American philosophy had a conception of freedom that was tempered with togetherness—community of one form or another—and I think that is very important today. I also am very interested in thinking about the way that philosophy intersects with what C.S. Peirce might call “the conduct of life.” When Thoreau suggested in Walden that his writing will be deeply personal, it is a reminder, that a writer can, to very good effect, insert the “I” into his or her writing, that writing and reading philosophy can be the process of personal transformation.
How does it fit in with your larger research project?
My larger research projects usually center on 19th century philosophy—American and European. But really, I am interested in getting people outside the discipline to consider the allure of thinking rigorously and living deeply. I don’t particularly care how they do it—whether it is through sport or music or hiking or painting—I just want to do my small part in returning the humanities to their initial function: as a means of sincerely criticizing culture and enriching everyday existence.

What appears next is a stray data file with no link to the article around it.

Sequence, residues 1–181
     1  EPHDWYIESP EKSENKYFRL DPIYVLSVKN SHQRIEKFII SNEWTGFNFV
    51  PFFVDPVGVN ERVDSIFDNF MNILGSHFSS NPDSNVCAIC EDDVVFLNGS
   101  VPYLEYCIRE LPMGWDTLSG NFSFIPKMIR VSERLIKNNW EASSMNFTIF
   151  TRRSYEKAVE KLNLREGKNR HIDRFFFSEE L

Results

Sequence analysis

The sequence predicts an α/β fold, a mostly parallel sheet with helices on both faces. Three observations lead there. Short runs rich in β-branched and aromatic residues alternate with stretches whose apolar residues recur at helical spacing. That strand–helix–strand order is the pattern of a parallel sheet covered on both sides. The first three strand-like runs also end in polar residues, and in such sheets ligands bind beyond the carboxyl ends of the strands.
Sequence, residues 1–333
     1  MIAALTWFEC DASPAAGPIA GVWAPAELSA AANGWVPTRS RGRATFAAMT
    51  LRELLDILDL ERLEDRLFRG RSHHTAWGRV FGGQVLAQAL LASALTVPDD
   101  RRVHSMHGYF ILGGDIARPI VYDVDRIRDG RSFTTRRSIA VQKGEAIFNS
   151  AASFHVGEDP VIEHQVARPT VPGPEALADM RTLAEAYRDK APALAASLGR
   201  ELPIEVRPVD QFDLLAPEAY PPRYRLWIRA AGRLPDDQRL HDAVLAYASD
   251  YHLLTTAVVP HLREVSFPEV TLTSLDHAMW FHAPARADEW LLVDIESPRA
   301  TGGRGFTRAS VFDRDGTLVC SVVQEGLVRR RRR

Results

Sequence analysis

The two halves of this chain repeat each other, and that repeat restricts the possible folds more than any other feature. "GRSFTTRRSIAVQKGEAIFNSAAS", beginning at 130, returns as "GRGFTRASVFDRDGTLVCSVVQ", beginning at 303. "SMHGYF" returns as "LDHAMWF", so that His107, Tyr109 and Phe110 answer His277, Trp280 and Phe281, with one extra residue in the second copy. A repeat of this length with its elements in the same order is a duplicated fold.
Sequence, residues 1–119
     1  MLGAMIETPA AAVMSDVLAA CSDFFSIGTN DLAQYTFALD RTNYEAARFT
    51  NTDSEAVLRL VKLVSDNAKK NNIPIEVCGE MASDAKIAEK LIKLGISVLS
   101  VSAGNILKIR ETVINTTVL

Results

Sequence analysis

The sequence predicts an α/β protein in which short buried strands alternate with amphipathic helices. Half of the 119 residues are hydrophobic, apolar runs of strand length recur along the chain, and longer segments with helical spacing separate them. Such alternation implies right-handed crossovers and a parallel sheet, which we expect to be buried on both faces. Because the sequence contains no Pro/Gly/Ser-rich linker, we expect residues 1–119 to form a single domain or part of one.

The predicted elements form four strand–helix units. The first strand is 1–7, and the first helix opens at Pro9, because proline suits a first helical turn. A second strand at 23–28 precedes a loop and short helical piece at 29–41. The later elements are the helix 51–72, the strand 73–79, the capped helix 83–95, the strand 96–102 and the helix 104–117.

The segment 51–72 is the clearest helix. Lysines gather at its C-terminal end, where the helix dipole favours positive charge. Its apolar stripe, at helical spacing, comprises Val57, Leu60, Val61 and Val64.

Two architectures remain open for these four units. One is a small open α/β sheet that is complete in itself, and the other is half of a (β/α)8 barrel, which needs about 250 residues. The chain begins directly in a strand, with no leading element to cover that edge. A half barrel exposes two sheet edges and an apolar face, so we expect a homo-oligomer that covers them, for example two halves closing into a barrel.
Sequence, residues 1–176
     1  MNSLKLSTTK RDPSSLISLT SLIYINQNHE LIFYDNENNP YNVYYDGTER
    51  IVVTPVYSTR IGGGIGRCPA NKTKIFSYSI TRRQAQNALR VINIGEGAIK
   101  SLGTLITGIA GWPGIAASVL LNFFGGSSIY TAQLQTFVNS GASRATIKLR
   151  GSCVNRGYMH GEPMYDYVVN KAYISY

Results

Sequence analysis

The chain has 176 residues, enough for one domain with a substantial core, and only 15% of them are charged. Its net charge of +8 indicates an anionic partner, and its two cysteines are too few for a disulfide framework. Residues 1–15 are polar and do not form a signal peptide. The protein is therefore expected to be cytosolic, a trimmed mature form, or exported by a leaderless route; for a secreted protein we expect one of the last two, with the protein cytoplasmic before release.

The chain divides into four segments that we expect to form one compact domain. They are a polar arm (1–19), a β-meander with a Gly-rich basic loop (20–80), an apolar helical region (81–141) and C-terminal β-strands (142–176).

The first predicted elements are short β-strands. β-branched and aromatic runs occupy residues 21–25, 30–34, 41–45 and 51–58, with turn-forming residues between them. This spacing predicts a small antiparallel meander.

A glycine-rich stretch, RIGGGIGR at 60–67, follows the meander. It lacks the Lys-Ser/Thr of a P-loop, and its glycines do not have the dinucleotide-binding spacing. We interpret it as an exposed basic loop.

How do you relate your work to other well-known philosophies?
I think Plato and the Stoics both understood philosophy as a form of very serious self-help. I think my books—like American Philosophy: A Love Story and Hiking with Nietzsche (out later this year) aim to do that, even if the way they “help” is really a demonstration about how NOT to live. Some of the less flattering moments in these philosophy-cum-memoirs, that I’ve been doing, and hope to keep doing, take on a certain confessional quality. Think Augustine, Montaigne, Hume (at certain points), Nietzsche, and William James. These are my inspirations at least when it comes to leaving myself on the page.